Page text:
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Robo Warriors: Giant Fighting Robot Tomfoolery

Robo Warriors is a movie so steeped the low budget 80’s action movie aesthetic that I was sure it had to come from that wonderful decade. But, no, this loose sequel to the cult classic Robot Jox (writer/director Stuart Gordon was given a “characters” credit on this film) came out in 1996. I suppose that explains those references to the high-tech “info-web.”

Robo Warriors takes the basic Robot Jox concept of giant robots fighting each other and adds aliens. So there’s that.

James Remar of The Warriors plays Gibson. I guess he’s the hero of the tale. He led a bunch of soldiers on a final campaign against the aliens, but they all died. One of those corpses belonged to child genius Zach’s father. Zach doesn’t blame Gibson, and despite the fact that Gibson’s last mission was a complete failure and led to the total conquest of the planet, Zach feels like Gibson is the only guy who can defeat the aliens by challenging them to a winner-take-all robot fight.

Cool concept.
Zach’s grandfather is a wise old man who sounds like Peter Falk. Low Budget Peter Falk somehow teaches Zach all about a mythic “earthbot” that’s hiding out in the jungle somewhere just waiting to be restored to its former glory...perhaps by a certain child genius? Perhaps. Well, we all know where this is going. Yeah, Zach’s gonna fix the long-abandoned machine and Gibson is going to pilot it and save the world. The only question, then, is whether the robot fighting sequences will kick any amount of ass?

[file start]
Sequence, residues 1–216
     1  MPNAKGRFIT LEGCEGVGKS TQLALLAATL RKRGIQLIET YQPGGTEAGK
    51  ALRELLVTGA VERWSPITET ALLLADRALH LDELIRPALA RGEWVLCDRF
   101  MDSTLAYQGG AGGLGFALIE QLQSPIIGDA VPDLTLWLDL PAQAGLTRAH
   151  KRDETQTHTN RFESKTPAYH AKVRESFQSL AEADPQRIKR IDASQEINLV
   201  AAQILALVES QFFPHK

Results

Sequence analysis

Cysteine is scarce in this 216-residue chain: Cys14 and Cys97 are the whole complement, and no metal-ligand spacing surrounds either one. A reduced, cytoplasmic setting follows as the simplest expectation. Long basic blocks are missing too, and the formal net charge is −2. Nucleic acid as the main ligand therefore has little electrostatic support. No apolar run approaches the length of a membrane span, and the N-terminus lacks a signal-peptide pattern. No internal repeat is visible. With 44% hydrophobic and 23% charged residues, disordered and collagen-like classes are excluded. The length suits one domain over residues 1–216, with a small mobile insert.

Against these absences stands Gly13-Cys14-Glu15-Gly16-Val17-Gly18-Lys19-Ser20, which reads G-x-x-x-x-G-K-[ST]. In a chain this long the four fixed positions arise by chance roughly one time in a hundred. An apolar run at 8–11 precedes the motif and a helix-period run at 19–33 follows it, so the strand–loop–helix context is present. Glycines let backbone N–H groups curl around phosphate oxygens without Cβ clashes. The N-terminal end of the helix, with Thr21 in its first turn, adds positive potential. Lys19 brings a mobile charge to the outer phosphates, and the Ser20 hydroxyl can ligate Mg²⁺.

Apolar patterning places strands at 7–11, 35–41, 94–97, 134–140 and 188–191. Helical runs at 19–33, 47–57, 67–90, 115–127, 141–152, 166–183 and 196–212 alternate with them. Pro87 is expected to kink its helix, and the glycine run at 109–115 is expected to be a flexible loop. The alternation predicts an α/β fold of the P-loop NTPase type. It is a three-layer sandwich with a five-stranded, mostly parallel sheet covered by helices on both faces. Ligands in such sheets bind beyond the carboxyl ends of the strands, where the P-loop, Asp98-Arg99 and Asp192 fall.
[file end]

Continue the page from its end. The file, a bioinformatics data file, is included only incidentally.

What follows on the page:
Well, there are two fights. One is in the middle of the movie and of course the second is at the end. I have to say, a lot of care went into designing these robots and making them look believable. I really like the tactile feeling of these models. Other than that, the battles were a little weird. The robots, controlled by a pilot inside and a sort of engineer / tech guy from a station nearby, pretty much stand toe to toe with each other and shoot missiles. But I don’t really think anyone was expecting ballet here. At least I hope not. Anyway, they do sort of mix things up a bit at the end, when Gibson’s robot turns into a transformer, so that was nice.

As for what happens between battles, I guess it’s okay. Zach’s mother is a real ball-buster in mom jeans. But I guess if my twelve year old son wanted to run off and find the guy who led my dad to his doom in the hopes that said guy might save the world, I’d be a bit concerned about his safety, too. So we can’t really fault her there. Oh yeah, and for no reason except that we need (?) a romance, Zach’s mom and Gibson fall in love.

At around an hour and a half, Robo Warriors was about the right length. All their money seems to have gone into the robot battles, at the expense of compelling writing, acting, or direction. I mean, you can almost see James Remar mentally cashing his paycheck as he mumbles through the performance. Still, an hour and a half isn’t too much of a time investment for one good battle sequence, and one fairly impressive sequence at the end. Personally, I like fighting robots and explosions, so I was pretty happy.

Robo Warriors is available on Youtube as part of the Paramount Vault collection.


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